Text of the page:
Nonreciprocal Quantum Optical Devices Based on Chiral Interaction of Confined Light with Spin-Polarized Atoms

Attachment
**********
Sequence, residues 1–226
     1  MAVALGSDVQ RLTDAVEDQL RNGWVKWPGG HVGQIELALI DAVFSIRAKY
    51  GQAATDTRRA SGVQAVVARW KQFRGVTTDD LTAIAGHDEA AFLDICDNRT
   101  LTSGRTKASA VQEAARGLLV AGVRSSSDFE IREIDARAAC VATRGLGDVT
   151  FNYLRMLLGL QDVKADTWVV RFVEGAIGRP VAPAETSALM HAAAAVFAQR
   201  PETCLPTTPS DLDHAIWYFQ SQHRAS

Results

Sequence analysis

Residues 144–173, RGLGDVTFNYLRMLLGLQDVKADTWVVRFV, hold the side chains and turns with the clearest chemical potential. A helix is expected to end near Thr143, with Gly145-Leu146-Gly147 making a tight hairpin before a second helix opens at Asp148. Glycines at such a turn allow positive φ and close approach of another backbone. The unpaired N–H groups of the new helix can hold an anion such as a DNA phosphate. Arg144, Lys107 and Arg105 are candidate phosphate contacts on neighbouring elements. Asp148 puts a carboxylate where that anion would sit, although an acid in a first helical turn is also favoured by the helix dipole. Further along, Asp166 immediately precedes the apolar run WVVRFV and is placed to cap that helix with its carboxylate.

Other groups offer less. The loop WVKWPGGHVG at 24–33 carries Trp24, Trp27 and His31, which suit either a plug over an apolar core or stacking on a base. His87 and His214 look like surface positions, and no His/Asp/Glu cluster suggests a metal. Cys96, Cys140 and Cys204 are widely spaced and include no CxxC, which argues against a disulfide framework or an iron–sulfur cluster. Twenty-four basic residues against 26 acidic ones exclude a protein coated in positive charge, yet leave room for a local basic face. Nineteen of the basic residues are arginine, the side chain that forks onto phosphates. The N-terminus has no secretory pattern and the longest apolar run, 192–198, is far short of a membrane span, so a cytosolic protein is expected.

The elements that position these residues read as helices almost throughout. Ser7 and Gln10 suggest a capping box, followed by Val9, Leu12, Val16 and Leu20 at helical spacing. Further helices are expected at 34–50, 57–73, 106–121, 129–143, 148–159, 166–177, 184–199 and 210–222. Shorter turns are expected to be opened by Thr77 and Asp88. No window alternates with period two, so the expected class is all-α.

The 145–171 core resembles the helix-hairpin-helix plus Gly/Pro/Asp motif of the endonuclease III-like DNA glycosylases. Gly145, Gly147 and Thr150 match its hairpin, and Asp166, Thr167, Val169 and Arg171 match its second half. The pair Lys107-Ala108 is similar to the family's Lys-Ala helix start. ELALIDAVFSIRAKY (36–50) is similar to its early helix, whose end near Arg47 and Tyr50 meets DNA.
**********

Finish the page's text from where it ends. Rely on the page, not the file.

The confinement of light in nanophotonic structures results in an inherent link between the light’s local polarization and its propagation direction . Remarkably, this leads to chiral, i.e., propagation-direction-dependent effects in the emission and absorption of light by quantum emitters . For example, when coupling atoms to an evanescent field, the emission rates into counter-propagating optical modes can become asymmetric . In our group, we became aware of this chiral light–emitter coupling when studying the interaction of single rubidium atoms with the evanescent part of a light field that is confined by continuous total internal reflection in a whispering-gallery-mode (WGM) microresonator . In the following, we employed this effect to demonstrate an integrated optical isolator  as well as an integrated optical circulator  which operate at the single-photon level and which exhibit low loss. The latter are the first two examples of a new class of nonreciprocal nanophotonic devices which exploit the chiral interaction of quantum emitters with transversally confined photons.
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